7 Things Every New Manager Should Do In Their First Month on the Job
December 19, 2016
Becoming a new manager should be a great time in a person’s life. They’ve worked hard to advance their career and were rewarded with a leadership position they desired.
And yet they might not always feel like celebrating. Copious research has found that becoming a new manager is one of the most stressful experiences any professional goes through.
That’s particularly true for the first month on the job, where most new managers do their best just to keep their head above water. To help, we looked at leadership guru’s Todd Dewett’s LinkedIn Learning course, New Manager Foundations, to discover the things all new managers should do within their first 30 days.
1. Start dressing like a leader
The reality is, if you don’t dress like a leader, it’s only going to hamper your ability to lead.
So how does a leader dress?
It varies from organization to organization. Look around and see how other leaders dress at your organization and follow suit, Dewett said.
Quick word of advice – don’t dramatically change the way you dress overnight, as that’s going to be seen as inauthentic (this rule mostly applies if you’ve been promoted from within the same organization), Dewett said. Instead, slowly move closer to the organization’s norm.
2. Develop professional relationships with your staff, not friendships
Your goal as a boss should not be to make friends with your employees. The reason is friendships often prevent tough feedback and there’s no performance component to a friendship, whereas performance is your biggest concern as a new manager.
Instead, you want to form strong professional relationships with your employees, Dewett said. That’s not to say there should be no personal aspect to your relationship – in fact, there should be. It’s just a matter of proportion, as the vast majority of your conversations with your direct reports should be about work.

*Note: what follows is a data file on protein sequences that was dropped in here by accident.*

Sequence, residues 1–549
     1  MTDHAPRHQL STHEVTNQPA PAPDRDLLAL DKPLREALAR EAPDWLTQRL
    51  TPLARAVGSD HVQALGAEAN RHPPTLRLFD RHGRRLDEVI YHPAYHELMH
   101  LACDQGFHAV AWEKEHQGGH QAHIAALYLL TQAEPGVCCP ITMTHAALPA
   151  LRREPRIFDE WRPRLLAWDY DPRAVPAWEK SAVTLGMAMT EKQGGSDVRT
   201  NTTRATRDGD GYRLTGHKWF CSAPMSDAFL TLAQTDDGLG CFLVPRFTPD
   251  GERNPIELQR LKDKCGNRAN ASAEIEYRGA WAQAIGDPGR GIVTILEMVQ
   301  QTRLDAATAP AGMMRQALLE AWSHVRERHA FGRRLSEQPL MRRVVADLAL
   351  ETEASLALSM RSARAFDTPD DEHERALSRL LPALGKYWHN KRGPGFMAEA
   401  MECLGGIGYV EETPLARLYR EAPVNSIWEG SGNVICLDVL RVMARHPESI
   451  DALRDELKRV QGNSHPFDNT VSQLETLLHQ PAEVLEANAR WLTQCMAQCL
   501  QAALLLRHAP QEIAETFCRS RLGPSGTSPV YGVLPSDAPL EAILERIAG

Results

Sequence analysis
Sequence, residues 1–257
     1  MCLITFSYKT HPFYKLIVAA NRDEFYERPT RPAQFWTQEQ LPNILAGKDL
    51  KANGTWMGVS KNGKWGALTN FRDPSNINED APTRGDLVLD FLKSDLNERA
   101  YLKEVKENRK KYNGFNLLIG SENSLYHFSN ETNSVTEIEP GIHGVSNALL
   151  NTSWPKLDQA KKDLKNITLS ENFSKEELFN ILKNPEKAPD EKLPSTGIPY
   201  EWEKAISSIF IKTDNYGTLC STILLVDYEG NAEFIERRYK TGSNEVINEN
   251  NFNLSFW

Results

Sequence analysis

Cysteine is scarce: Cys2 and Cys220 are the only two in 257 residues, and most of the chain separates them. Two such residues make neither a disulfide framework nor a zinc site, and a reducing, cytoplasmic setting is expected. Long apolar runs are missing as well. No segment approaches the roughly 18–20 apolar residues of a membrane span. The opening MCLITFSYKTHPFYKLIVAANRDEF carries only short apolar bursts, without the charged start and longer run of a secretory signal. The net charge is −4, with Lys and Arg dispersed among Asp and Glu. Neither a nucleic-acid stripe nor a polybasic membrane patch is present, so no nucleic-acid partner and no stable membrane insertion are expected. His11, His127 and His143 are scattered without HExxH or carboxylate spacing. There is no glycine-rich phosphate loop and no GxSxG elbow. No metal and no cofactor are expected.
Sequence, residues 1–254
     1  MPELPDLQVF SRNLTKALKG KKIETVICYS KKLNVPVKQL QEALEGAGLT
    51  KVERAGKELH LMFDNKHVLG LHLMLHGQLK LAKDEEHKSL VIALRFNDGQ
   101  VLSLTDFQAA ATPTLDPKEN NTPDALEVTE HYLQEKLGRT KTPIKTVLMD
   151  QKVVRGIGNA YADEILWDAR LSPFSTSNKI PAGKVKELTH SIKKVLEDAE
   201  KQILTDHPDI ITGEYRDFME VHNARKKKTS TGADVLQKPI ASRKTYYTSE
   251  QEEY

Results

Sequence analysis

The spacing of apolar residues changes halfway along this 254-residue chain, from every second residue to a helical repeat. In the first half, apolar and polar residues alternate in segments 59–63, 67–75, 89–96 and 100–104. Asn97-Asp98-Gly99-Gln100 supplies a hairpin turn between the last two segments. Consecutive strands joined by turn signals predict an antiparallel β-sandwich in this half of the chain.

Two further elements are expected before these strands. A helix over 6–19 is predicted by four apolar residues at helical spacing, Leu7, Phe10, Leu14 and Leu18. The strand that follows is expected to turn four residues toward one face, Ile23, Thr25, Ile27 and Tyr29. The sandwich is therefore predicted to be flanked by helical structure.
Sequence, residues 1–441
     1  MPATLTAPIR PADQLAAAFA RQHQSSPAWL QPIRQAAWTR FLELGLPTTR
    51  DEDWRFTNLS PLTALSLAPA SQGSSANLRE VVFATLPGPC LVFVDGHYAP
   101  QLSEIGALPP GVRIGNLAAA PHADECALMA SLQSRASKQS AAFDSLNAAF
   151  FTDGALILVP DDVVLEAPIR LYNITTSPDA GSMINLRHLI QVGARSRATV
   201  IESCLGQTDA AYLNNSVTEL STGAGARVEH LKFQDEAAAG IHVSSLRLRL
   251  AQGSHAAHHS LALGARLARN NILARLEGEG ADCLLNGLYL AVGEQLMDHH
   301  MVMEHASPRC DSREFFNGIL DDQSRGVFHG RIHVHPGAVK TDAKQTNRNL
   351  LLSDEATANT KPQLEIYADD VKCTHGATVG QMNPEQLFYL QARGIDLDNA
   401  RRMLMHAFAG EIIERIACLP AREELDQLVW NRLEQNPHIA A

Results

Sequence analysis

So yes, be friendly with your employees and get to know them on a personal level. But the majority of your conversation should be about work and the relationship should ultimately be a professional one.
3. Stay visible
Woody Allen once said that 80 percent of success comes down to just showing up. There’s a degree to truth to that for managers – being visible with your team is incredibly important, as the more visible you are, the more connected people will feel to you, Dewett said.
In that vein, try to spend 5 to 10 percent of your day informally chatting to your employees, instead of just communicating in meetings or being tucked away in your office. That will go a long way to building strong relationships with your people.
4. Clarify expectations with your boss
One oft-forgotten part of becoming a new boss is that you likely have a new boss as well. And while there’s a lot of focus on clarifying expectations with your employees, it’s equally important to clarify expectations with your new boss as well.